Pakistan Defence Forum (Defence.pk) shut down indefinitely on orders from Pakistan military’s General Headquarters (GHQ). Most members were openly against the GHQ and in support of Imran Khan. The owner of the websites was ordered to shut down the website and family members of the website owner were threatened by the Pakistani intelligence services ISI.
This decision comes after Pakistan Army veterans Adil Raja and Haider Mehdi who favored western military hardware, critial of Chinese military hardware were declared “traitors”.
It was believed that Pakistan Army Chief General Syed Asim Munir was irritated by the comments made by some of the forum members about purchasing Chinese J-10 fighter jets, type 054 frigates, type 039 subnarines and HQ-16 air defense systems.
Chinese-made military hardware proved ineffective and non-operational in many aspects once inducted in Pakistani armed forces, according to Pakistani security experts and media.
Syed Asim Munir is a Pakistani army general and has been the Chief of Army Staff since 29 November 2022. Before becoming the army chief, he was posted at the GHQ as Quartermaster general. He commanded the Corps in Gujranwala from 17 June 2019 to 6 October 2021.
Pakistan’s Prime Minister Shehbaz Sharif has nominated Lieutenant General Asim Munir as the new army chief, putting an end to days of uncertainty that engulfed the nation.
Munir, whose nomination was approved by President Arif Alvi on Thursday evening, takes charge of the 600,000-strong nuclear-armed army on November 29 when incumbent General Qamar Javed Bajwa retires after a six-year stint.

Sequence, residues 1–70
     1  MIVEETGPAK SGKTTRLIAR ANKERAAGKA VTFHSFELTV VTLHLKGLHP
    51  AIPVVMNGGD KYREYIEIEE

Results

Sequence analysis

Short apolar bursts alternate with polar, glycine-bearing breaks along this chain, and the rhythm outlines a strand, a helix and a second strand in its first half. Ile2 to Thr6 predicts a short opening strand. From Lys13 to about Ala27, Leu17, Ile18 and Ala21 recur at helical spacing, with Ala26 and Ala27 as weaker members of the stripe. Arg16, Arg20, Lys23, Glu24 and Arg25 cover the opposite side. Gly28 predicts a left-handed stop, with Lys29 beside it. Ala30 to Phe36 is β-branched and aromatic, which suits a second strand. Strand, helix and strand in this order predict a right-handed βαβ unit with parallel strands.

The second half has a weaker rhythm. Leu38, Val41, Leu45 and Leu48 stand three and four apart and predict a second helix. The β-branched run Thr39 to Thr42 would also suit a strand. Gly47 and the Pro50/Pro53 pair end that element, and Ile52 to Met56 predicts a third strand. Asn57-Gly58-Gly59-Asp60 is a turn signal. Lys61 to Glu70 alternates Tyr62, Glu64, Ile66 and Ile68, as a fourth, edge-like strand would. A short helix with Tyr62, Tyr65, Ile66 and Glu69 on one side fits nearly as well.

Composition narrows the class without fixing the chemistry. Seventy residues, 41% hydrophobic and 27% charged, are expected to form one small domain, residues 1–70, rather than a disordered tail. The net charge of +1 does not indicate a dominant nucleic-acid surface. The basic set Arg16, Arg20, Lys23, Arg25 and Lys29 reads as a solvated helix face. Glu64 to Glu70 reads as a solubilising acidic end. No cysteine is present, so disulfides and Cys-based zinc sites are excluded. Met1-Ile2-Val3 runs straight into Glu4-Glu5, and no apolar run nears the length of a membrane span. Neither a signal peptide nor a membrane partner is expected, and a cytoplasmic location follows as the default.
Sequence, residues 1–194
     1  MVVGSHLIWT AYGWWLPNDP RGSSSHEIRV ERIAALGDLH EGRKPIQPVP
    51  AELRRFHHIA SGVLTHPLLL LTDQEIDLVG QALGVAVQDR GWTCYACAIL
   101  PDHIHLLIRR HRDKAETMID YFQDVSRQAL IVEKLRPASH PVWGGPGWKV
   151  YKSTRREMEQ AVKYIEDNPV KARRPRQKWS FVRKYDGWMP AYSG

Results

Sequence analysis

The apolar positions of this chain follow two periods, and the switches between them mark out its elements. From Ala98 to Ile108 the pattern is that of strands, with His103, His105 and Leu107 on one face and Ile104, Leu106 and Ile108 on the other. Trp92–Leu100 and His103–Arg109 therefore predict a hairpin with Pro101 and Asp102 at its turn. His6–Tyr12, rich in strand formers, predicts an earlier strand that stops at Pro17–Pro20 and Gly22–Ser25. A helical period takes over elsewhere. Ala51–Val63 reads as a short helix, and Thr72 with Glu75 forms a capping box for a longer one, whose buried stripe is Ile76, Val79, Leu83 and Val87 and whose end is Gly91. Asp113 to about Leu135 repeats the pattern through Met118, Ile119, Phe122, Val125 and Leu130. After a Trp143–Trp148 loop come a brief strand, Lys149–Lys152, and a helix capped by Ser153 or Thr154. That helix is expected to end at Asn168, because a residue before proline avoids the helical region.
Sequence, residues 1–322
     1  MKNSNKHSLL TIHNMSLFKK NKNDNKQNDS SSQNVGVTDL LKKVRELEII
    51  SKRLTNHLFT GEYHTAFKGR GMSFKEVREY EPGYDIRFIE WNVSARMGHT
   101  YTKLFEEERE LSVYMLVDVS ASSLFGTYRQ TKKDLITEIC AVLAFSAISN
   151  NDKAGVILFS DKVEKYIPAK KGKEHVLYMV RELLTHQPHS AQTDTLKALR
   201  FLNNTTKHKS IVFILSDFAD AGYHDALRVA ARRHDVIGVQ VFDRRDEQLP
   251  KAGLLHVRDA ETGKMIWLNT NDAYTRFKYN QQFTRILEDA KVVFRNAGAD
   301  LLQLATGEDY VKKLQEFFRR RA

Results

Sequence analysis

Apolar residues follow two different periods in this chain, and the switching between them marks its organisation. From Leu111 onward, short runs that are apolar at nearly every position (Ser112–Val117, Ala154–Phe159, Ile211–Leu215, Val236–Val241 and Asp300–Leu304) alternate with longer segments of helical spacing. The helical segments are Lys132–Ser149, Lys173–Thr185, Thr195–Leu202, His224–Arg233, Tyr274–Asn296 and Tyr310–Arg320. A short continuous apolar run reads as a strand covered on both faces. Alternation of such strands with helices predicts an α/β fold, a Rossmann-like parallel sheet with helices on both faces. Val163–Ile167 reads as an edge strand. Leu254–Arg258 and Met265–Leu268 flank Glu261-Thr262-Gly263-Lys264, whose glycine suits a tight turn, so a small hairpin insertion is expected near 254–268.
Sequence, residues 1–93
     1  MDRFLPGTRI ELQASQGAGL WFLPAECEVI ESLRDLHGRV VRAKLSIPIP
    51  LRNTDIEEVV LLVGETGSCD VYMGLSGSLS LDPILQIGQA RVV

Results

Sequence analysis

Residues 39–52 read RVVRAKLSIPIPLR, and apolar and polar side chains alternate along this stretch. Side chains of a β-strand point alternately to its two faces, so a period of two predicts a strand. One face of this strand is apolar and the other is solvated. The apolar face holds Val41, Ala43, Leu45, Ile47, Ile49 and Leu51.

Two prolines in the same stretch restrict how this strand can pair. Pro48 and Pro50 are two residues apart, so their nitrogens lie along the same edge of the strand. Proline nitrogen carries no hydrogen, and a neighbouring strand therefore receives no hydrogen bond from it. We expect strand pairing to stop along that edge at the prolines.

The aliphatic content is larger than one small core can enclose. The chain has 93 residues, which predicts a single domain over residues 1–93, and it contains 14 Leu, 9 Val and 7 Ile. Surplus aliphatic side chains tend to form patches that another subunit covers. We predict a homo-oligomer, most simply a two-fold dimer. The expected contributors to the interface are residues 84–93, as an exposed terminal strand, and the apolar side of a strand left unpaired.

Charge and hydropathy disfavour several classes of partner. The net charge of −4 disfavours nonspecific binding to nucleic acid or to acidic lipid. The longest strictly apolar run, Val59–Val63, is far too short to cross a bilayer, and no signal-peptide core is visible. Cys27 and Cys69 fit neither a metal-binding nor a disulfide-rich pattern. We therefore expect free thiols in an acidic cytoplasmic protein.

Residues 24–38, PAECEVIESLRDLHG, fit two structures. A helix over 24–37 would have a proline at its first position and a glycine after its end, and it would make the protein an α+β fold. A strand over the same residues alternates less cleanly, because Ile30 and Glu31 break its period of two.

Free speech under threat
Article 19 of the Constitution of Pakistan guarantees freedom of speech and expression and freedom of the press with certain restrictions. However, in practice, freedom of speech is restricted through censorship of media and the Internet.
Pakistan has improved its position on the World Press Freedom Index by scaling up seven points. According to the recently released data of the annual World Press Freedom Index by Reporters Without Borders, Pakistan now ranks 150 out of 180 countries. In contrast, it stood at 157 in the previous year’s index.
Blacket ban on pro Imran Khan media
Responding to the ban on broadcasting speeches of ex-Prime Minister Imran Khan and suspension of transmission of private news network ARY TV in Pakistan by the Pakistan Electronic Media Regulatory Authority (PEMRA) on Sunday, Rehab Mahamoor, research assistant for South Asia at Amnesty International, said:
“The blanket ban on an opposition leader’s speeches and suspension of ARY News is a disturbing demonstration of how successive Pakistani authorities target critical voices and use the country’s media regulatory authority to threaten press freedom.
“Overbroad use of bans on news and media publications constitutes a violation of the right to freedom of expression. Criticism of state institutions cannot be considered hate speech as has been suggested by PEMRA. Any limitations on the right to freedom of expression must be on a case-to-case basis and deemed to be necessary and proportionate conforming to international human rights laws and standards.